When we got back to the apartment, we had a traditional Christmas dinner — turkey, stuffing, and mashed potatoes. We drank wine. Not that we needed to. After we finished, as we were cleaning up, someone — I won’t say who — knocked the jar of my Dad’s ashes off the top of the refrigerator. It shattered on the kitchen floor.

We all stood in silence for a moment. Then we started laughing.

Why were we laughing? You’d have to know my Dad. He was a professor of philosophy and literature; a tough and gruff and grouchy curmudgeon who also had an incredible sense of humor.   He once taught a course in comedy. He had a great laugh, his eyes would squint, he’d throw back his head, and he’d let it out.

We all looked at his ashes there on the floor. What to do?

We gathered up the ashes in a dustpan, picked out the glass as best we could, and went outside in the cold, dark night. I took the dustpan, and scattered his ashes in a schoolyard behind the apartment. Then we gathered in a circle, held hands, and mumbled something that sounded like a prayer.

That was our Christmas. But that’s not the end of the story.

When it came time to check out of the pet-unfriendly apartment, it was just me and Batu, cleaning and packing. My brother and family had checked out earlier. Check out time was 10 AM. At 10:05, there was a loud knocking on the door.

“Time to check out!”

Apparently, they were not only pet-unfriendly, they were people-unfriendly as well. Batu started barking. His bark could make Superman jump.

I tried to get Batu to shut up. As the knocking got louder, so did Batu’s bark. All I could think about was paying the $100 a day dog fine. I grabbed Batu, lifted him up, and went out to the balcony of the apartment. I lifted all 70 pounds of him over the four-foot railing and dropped him in a snowdrift (don’t call PETA, we were on the first floor).

I grabbed his bed and tossed it over. Then I jumped over the railing, into the snow drift. I scooped up Batu, grabbed his bed and ran to the car. I threw the bed in the car, put Batu on top of the bed, and ran back to the balcony.

I jumped the railing, went inside, and went to the front door. I opened it. The guy who was knocking came in and started looking around. There was obviously no dog. He walked around, and then left without saying a word. I packed my car and took off with Batu.

We drove from Breckenridge to Scottsdale, Arizona. It was treacherous — up and down icy, snowy two-lane roads. The car was skidding all over, and there were no guard rails. The drop was precipitous. The drive took forever. I had the death grip on the steering wheel. It was tense.  A trip that should have taken 10 hours took 20.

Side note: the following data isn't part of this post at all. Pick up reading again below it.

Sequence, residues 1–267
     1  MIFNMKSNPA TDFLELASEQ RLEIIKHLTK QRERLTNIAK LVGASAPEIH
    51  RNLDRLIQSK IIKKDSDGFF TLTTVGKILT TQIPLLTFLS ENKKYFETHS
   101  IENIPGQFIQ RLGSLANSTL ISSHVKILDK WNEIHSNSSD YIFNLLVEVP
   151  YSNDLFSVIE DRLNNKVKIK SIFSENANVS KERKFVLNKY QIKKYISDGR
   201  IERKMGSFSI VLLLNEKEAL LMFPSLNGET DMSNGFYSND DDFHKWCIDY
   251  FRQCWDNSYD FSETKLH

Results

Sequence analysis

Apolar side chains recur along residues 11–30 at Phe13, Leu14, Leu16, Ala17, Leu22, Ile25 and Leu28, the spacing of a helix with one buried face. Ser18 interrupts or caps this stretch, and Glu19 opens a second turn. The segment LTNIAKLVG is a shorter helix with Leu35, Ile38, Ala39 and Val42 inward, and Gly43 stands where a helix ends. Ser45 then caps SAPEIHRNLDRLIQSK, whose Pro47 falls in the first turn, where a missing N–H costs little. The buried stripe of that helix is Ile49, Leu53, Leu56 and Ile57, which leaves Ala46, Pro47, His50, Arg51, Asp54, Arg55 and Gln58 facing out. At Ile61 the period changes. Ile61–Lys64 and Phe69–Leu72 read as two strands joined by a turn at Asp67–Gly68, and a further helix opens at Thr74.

But we made it. That’s my Christmas story for 2013. Happy Holidays.


Want to make people happy around the Holidays? Make some arancini! Arancini are Sicilian rice balls stuffed with mozzarella cheese.

Arancia is the Italian word for oranges. Arancini means “small oranges” which is the size and shape these rice balls should be.

Two cups of leftover risotto should make about seven or eight small rice balls.

In the past, I’ve used mozzarella for the stuffing. One night, all I had was goat cheese. So I used that, and I loved the way it tasted. If you are using mozzarella, cut it into small cubes, two for each rice ball. If you are using goat cheese, roll it into seven or eight small balls – each about the size of a grape.

Eight ounces of cheese should be more than enough for seven or eight arancini.


2 cups leftover risotto – I used some risotto with shrimp and peas I had cooked the previous night

½ cup of flour

3 eggs

1 and ¼ cups breadcrumbs (I use panko)

½ pound of mozzarella, cut into 16 small cubes, or ½ pound of goat cheese, rolled into 8 small balls

¼ cup olive oil

Here we go…

Take the leftover risotto, put it in a large mixing bowl.

Put the flour on a plate.

Break 2 eggs into a bowl, add some salt and pepper, and mick ‘em up.

On another flat plate, add 1 cup of breadcrumbs.

Break an egg into the risotto, and add the remaining ¼ cup of breadcrumbs.

Mix the risotto, the egg, and the breadcrumbs by hand. Mick ‘em up.

Take a small amount of risotto. Put it in the palm of your hand, roll it in a ball–about the size of a small orange. Poke a hole in it, add 2 cubes of mozzarella in the center, or one goat cheese ball, and fold the rice over the mozzarella.

Take the rice ball, roll it in the flour, and then dip it in the egg. Let the excess drip off, and then roll the rice ball around in the breadcrumbs until it’s coated. Keep making the rice balls until all the risotto is gone.

Put the olive oil (you can also use canola) in a large sauté pan over medium-high heat. I used a 12” pan.

When the oil is hot, put your rice balls in the pan, and sauté until golden on the bottom, about 3 or 4 minutes. Don’t burn your balls.

Turn them over, and sauté on the other side, about 3 or 4 minutes, until golden brown.

When done, put ‘em on a platter lined with paper towels.

Dish ‘em up!

Eat immediately. Serve with some absinthe and go nuts!